Observations
Farm Bureau Radio
Broadcaster’s familiar voice characterizes a life in radio

Zina Saunders

Listeners of the Texas Farm Bureau Radio Network will soon miss Curt Lancaster’s familiar drawl. Fifteen years ago, his voice was the first one over the airwaves of TFBR as he ushered in the new agriculture radio network. Lancaster has guided TFBR from only a handful of stations to more than 70 today.

Farmers and ranchers, along with a wide swath of those working in agriculture, listen to farm radio for weather and industry news. The National Association of Farm Broadcasting says more than 80 percent of farmers tune in to farm radio several times a week. For 35 of the 50 years he has been on the air, farmers and ranchers have listened to Lancaster deliver the news they need.

When Lancaster was a boy growing up on a cotton farm in Garza County (in the Lyntegar Electric Cooperative service area), he developed an obsession with radio. In his parents’ barn, he fashioned a nonworking radio console, tinkering with dials and talking into a microphone he devised for his makeshift studio.

Lancaster pursued his interest by hanging around the local radio station. Staff members gave him The Associated Press scripts they read on the air. Lancaster took the scripts home and practiced delivering the news from his homemade studio using his best radio voice. Once he got older, they gave him a job.

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You can hear recent broadcasts by the Texas Farm Bureau Radio Network here.

“You know what they say, ‘Hang around long enough, they’ll give you a job,’ and that is what happened to me,” Lancaster says.

His first radio assignment was covering a local high school football game.

“I was just awful!” he recalls.

A few weeks after his sports debut, the station owner’s wife, only hours from giving birth, was on the air because there was no one to fill in for her. Spotting the 16-year-old, the owner inquired about his ability to run the control board. Lancaster assured him he could, and the couple hurried to the hospital, leaving Lancaster on the air.

The owner had been unimpressed with Lancaster’s sports coverage, but he was excited about how well the young man worked in the studio. He offered the teen a job.

“I loved being a disc jockey,” Lancaster says. “I could be a disc jockey to this day.”

He loved the music, and he has always been a weather nerd—something that has helped him throughout his career in farm radio. After graduating from high school, Lancaster continued to work in radio and eventually creative services and television, too.

In 1981, Roddy Peoples, a friend and the owner of Voice of Southwest Agriculture Radio Network, asked to meet with him. The two shared farm upbringings and an interest in airplanes and radio work. On occasion, Lancaster sat in for Peoples on his radio show.

Before long, Peoples wanted Lancaster to come work for VSA to deliver farm news. Lancaster accepted the job, and for the next 20 years, he was the voice of farm news for the network. Peoples eventually sold VSA to Clear Channel Communications (now iHeart Media), and Lancaster stayed on for several years as general manager before striking out on his own.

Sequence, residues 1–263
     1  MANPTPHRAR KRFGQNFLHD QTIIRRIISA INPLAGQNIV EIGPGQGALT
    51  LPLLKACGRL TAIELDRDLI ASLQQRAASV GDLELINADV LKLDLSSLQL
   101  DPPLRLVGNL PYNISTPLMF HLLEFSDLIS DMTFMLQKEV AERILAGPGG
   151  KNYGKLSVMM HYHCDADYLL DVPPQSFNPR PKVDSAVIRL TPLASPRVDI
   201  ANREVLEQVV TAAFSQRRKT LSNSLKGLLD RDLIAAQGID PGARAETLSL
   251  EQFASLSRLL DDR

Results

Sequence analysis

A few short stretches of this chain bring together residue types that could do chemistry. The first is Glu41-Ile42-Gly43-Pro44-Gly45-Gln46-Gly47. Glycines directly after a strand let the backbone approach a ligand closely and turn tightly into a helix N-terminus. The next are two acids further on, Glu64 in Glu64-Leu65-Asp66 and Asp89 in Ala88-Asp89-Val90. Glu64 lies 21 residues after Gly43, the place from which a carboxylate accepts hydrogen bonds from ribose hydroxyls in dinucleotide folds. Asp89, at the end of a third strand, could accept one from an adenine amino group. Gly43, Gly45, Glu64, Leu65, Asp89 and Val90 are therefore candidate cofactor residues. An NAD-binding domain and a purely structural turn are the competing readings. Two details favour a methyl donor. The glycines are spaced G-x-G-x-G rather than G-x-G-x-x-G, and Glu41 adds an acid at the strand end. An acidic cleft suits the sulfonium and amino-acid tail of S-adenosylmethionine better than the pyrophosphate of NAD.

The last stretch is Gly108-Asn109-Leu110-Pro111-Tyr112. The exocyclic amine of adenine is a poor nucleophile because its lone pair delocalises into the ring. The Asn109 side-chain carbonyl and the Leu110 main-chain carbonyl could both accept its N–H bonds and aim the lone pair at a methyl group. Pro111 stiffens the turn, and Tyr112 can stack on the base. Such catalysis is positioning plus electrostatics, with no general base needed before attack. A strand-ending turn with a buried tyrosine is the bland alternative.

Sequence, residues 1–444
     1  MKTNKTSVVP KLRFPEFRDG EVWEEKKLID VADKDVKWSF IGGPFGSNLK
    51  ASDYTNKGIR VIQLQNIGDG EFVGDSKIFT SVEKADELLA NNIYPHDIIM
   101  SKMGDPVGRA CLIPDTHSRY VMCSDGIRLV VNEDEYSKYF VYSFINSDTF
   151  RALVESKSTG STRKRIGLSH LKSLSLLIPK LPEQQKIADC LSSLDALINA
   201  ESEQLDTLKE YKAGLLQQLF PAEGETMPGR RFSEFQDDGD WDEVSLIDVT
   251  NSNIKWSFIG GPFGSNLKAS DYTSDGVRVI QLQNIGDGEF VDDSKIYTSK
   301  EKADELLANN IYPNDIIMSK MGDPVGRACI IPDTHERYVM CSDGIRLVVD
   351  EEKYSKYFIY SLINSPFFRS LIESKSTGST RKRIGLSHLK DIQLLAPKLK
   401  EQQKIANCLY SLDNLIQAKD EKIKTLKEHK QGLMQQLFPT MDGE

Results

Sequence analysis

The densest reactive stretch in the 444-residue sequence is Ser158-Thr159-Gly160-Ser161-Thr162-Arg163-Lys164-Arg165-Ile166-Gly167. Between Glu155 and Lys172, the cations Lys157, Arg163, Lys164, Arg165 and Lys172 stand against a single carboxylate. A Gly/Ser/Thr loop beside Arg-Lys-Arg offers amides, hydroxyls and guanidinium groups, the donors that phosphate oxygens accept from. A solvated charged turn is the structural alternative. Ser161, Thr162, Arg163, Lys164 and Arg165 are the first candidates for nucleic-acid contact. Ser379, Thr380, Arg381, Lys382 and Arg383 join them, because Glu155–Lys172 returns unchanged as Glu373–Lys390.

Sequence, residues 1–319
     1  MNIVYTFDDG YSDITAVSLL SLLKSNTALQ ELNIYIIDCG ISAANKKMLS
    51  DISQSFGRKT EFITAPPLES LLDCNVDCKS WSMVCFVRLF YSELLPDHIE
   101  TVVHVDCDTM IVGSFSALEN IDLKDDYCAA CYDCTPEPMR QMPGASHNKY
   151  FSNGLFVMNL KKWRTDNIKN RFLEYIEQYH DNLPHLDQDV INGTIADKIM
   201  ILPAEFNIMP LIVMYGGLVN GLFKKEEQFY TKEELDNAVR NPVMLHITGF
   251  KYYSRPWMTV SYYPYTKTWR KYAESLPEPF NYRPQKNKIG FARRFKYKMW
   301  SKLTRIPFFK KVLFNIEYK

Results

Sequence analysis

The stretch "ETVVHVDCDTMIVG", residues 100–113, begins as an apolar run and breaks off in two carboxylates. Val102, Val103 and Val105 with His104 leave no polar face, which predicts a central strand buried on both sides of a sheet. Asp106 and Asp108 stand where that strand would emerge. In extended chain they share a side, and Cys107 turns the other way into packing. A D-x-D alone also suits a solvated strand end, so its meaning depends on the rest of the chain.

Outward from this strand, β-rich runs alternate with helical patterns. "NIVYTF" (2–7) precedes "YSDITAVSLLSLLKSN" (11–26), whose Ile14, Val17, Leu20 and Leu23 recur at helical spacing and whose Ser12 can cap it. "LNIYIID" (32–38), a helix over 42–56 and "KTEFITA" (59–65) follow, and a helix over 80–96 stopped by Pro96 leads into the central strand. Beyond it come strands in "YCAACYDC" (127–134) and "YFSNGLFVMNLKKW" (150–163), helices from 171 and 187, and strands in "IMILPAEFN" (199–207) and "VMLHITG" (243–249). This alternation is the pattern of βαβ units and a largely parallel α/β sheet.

Shortly after leaving VSA, Lancaster was approached about starting a radio network with the Texas Farm Bureau. At first he declined because he enjoyed working on other projects, but he reconsidered after talking to his wife. He knew and loved farm radio and had even served as president of the National Association of Farm Broadcasting. Once he changed his mind, the foundation for TFB Radio Network was laid.

“As we were building out the studio, I remember looking at this big Texas map on my wall. I usually put stickers on it for every radio station. At that time, there were zero stickers and I was having a sinking spell. I realized the enormity of the job.”

Texas Farm Bureau Radio went live in December 2001. By January 2002, it had six stations. Today, there are 73 stations, and their programming is heard in more than 200 Texas counties. Shows are broadcast on AM and FM stations and in digital format for computers. The network’s broadcasts can be downloaded to smartphones for listening anytime.

“About 95 percent of our content is interviews,” Lancaster says. “It’s very little of what the industry calls ‘rip and read,’ and that sets us apart. I talk about agriculture and anything that impacts the rural parts of the state.”

As anchor of Texas News and Views on TFB Radio, Lancaster interviewed farmers and ranchers from across the state. He also had questions for President George H.W. Bush (who accepted Lancaster’s call to the White House), and governors Rick Perry and George W. Bush. One of his most memorable interviews was with astronaut Charlie Duke, who was the lunar module pilot for Apollo 16.

Although many listeners catch the weather and agribusiness news they need in the same manner that Lancaster began delivering it a half century ago—through the radio—more are beginning to listen to his show and others on the web, or by downloading broadcasts to their smartphones.

How the listeners hear the TFBR broadcasts doesn’t really matter to Lancaster. For him, it was always about the conversations he had.

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LaDawn Fletcher is a Houston-area writer who enjoys writing about Texas.